Q&A with Aled Edwards, Structural Genomics Consortium  (SGC)

 Aled Edwards2

1. How would you describe the goal of SGC to your mom?

To increase our knowledge of human disease so that we can invent better medicines, faster. To do this, we formed a group of scientists in academia and industry who collaborate and create expensive tools to study human genes and proteins. Unlike the norm, where such tools are patented and provided to scientists under highly restrictive legal constraints, we make them available to the research community around the globe with no strings attached. The widespread use of these tools has already led to science that has stimulated new clinical trials and taken us a step closer to cures for diseases such as cancer.

2. Leading SGC goes beyond the scope of a regular day-job.  What keeps you motivated you to stay at it?

In the current drug discovery ecosystem, and with the resources at hand on this planet, there is no way we can invent new medicines for all the diseases and sub-diseases that we are discovering with genomic studies. If we do nothing, the promise of genomics will not be realized for generations. I believe with all my heart that what we are doing is the best way to translate promise to reality.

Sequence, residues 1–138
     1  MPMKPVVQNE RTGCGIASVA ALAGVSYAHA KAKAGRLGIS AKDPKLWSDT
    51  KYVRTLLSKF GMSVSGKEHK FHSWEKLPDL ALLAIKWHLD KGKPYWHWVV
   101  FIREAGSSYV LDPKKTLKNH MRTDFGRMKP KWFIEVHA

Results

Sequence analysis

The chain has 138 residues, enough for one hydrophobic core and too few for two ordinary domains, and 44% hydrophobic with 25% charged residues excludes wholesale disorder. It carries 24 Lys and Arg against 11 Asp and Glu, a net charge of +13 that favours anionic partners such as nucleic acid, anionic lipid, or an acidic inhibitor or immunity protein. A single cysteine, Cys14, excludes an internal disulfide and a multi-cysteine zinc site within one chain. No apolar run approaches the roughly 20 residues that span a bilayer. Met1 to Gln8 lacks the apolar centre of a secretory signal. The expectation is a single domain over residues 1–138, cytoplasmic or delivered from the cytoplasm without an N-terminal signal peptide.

3. What has surprised you the most about SGC?  What weren’t you expecting?

How much fun it has been, and I was not expecting the incredible support that we are getting from scientists in the pharmaceutical industry. Indeed, pharma appears to be ahead of the curve on open access compared with governments.

4. If you could trade places with anyone in the world for one week, who would it be?

Not the Brazilian goalkeeper! (On this day, Brazil loses to Germany 1-7 during the semi-finals FIFA World Cup game).

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